I sat on my bed as Skype connected. Soon my boyfriend’s face filled the screen. “Get the jar!” I said.
Chris grabbed the mason jar filled with paper hearts off his dresser, unscrewed the lid and pulled out a slip of paper. “What are your three favorite moments in life so far?” he read aloud.
That jar was how Chris and I bridged the distance that inevitably forms when dating from afar. A month into our relationship – me in Phoenix, him in Washington, D.C. – it was wearing on me that we were only able to talk on the phone, text or video chat.
We tried to find ways to feel closer than we were in a geographic sense, such as watching a TV show together over Skype every week. But there are only so many times you can text a photo of yourself on the way to work or sneak in a call on your lunch break. So I started brainstorming things we could do that could be more interactive. That’s when I came up with the idea for the jar of hearts.
In a burst of creativity, I bought some construction paper and cut out a bunch of pink, red and white hearts. On each heart, I wrote a conversation topic or an idea of an activity we could do together while physically apart.
I tried to write questions that would lead to new conversations: favorite places he had visited, a vivid memory from childhood, the best concert he’d ever seen – that kind of thing. I also included notes like “Tell me a movie to watch and we can discuss” or “Send me a playlist of your favorite songs.”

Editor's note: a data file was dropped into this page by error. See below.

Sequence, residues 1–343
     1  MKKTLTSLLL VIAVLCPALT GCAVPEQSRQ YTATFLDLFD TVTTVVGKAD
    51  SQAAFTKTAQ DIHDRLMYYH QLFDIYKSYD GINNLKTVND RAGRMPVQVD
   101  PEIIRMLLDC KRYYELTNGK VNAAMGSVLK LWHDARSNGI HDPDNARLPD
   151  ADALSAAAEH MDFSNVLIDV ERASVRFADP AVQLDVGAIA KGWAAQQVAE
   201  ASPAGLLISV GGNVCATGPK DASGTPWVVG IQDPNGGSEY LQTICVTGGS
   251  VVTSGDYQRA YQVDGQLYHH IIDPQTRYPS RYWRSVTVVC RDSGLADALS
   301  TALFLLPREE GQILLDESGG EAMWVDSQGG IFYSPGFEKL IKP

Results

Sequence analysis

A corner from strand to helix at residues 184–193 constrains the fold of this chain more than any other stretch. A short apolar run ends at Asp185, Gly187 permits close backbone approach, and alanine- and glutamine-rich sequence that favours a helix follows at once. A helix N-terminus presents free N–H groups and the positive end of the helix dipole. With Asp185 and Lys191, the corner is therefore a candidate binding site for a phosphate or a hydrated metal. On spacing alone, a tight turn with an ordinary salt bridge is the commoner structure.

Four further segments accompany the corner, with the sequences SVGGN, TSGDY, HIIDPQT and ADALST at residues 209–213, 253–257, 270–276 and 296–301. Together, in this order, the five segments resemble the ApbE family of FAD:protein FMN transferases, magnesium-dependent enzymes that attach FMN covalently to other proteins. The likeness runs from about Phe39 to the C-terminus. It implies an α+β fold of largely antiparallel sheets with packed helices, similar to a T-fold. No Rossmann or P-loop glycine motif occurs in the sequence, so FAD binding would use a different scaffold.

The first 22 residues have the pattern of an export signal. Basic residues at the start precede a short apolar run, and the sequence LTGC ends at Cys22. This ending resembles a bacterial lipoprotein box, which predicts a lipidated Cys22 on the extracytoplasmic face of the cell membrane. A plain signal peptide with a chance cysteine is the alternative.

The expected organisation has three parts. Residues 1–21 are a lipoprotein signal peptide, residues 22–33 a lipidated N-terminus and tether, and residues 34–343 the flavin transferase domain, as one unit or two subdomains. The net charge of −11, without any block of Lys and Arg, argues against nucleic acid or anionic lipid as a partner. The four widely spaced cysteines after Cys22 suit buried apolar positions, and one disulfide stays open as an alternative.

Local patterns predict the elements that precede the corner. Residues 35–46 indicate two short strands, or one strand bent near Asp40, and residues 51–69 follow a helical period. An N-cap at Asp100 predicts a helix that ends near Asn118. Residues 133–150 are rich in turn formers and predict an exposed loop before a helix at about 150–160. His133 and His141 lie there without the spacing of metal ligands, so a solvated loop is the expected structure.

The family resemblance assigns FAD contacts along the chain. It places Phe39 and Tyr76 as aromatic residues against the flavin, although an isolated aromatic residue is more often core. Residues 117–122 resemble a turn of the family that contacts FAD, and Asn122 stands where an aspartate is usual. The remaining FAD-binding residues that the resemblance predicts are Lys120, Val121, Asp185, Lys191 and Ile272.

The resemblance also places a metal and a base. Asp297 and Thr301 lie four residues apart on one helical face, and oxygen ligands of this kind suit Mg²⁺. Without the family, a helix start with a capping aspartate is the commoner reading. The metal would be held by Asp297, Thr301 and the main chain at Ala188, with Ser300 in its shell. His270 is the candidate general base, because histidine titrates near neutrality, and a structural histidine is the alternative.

Then I folded the hearts, stuffed them in the jar and mailed it to Washington. The jar of hearts helped me discover things about Chris that I had not known before. He’s 10 years older than I am, so his answers about favorite concerts were completely different than mine. He had also been on a lot of trips with friends and by himself. While I’m just starting to travel out of the country, he has endless stories about trips with friends. After hearing about the many adventures he had been on, it made me want to be a part of his next one.
Sure, at times the questions could be tough to answer. How would we be together once we were reunited? Would the connection still be there? I think those questions helped us get to know each other. Sparking meaningful conversation was important to me, especially if our relationship was going to grow from afar.
Once we were halfway through the jar’s questions, the physical distance between us felt like it was shrinking. Once we dressed up and had a “date” over Skype, making dinner and drinking a glass of wine. It soon became a nightly ritual to unfold a heart while Skyping and talk about whatever was inside.
Eventually the hearts ran out, but Chris kept the ritual alive by writing down more topics of conversation and sending the jar back to me in Phoenix.
When I moved in with him in Dupont Circle a couple of years ago, I filled the jar with activities we could do in person to explore my new city and our new neighborhood. As our lives have come together in the same place, we’ve kept alive a tradition we no longer need but still keeps us close.